The US economy generated 209,000 new jobs in July, down from June but maintaining the solid 200,000-plus monthly streak since February, the country’s Commerce Department has said.
The unemployment rate rose a mere 0.1 point to 6.2%, still near its lowest level since October 2008 and well down from the 7.9% at the start of 2013.
The new jobs were well-spread between the construction, manufacturing, professional service and retail sectors, and got a boost as well from 11,000 new jobs in the government sector.
Nevertheless, the number of unemployed rose by nearly 200,000 to 9.67 million, in part because of the constant increase in the number of working-age Americans, as well a return to the labour force by 141,000 people who had dropped out and were not previously counted as unemployed.
Average weekly earnings ticked up only slightly, suggesting, as the US Federal Reserve said Wednesday, that there is still slack in the labour market despite the steady gains in job creation.
The July job creation number was only slightly below what economists had expected, while the department revised higher June's new jobs figure to 298,000.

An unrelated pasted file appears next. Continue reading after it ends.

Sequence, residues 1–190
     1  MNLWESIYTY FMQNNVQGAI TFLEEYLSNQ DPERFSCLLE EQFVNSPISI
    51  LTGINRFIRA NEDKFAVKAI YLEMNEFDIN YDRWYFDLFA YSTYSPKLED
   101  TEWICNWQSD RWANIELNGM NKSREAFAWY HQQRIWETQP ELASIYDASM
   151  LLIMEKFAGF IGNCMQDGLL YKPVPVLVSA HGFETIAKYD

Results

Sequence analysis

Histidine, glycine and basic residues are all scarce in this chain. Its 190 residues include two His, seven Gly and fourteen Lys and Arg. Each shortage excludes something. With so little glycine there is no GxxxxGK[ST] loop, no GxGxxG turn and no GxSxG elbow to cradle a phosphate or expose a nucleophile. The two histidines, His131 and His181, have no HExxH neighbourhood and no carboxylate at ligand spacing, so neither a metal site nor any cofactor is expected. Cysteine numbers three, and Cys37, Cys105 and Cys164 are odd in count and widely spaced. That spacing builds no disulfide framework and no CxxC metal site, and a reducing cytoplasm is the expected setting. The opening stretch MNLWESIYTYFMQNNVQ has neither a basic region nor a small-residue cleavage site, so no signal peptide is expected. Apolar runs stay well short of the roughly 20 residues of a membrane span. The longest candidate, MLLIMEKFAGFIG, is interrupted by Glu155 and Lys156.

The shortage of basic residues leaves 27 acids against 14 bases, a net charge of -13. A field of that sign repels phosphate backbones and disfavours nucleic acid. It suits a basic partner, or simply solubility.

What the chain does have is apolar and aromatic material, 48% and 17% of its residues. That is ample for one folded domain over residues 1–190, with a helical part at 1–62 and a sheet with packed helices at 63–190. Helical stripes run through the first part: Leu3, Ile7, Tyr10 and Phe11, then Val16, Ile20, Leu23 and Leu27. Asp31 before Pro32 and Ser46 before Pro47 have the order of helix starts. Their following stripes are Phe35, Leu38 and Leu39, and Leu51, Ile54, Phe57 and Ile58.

That left the average since January at a respectable 223,000 jobs created per month. It was the first time since 1997 that the economy had added more than 200,000 jobs a month for six months straight.
Even so, that had more impact in 1997, when the population was much smaller. There were still significant signs of economic weakness in the figures.
Besides the slow wage growth, the rate of participation in the labour force was 62.9%, nearly the lowest in decades; the number of long-term unemployed, a particular worry for policy-makers, ticked up to 3.2 million; and the number of people working part-time because they could not find full-time jobs was flat at 7.5 million.
Those numbers are important as economists and policy-makers debate whether the economy is accelerating and inflation is picking up, which would mandate tighter monetary policy from the Federal Reserve.
On Wednesday official data showed the economy grew a fast-paced 4% in the second quarter. But that was mainly a rebound from the 2.1% contraction of the first quarter, and economists expect the economy is already decelerating from the second-quarter pace.
The policy debate has focused on the question of whether the labour market is tightening, which would add to inflation.
"We can debate measures of slack all day. But (the) fact is, there's basically no inflation or wage pressure," University of Michigan economist Justin Wolfers said in a tweet.
Economist Chris Williamson of Markit said he expects, in fact, the job creation numbers to slow.
"With companies reporting growing uncertainties to the business outlook, it's perhaps not surprising that the rate of job creation is showing sign of cooling and could continue to ease in coming months."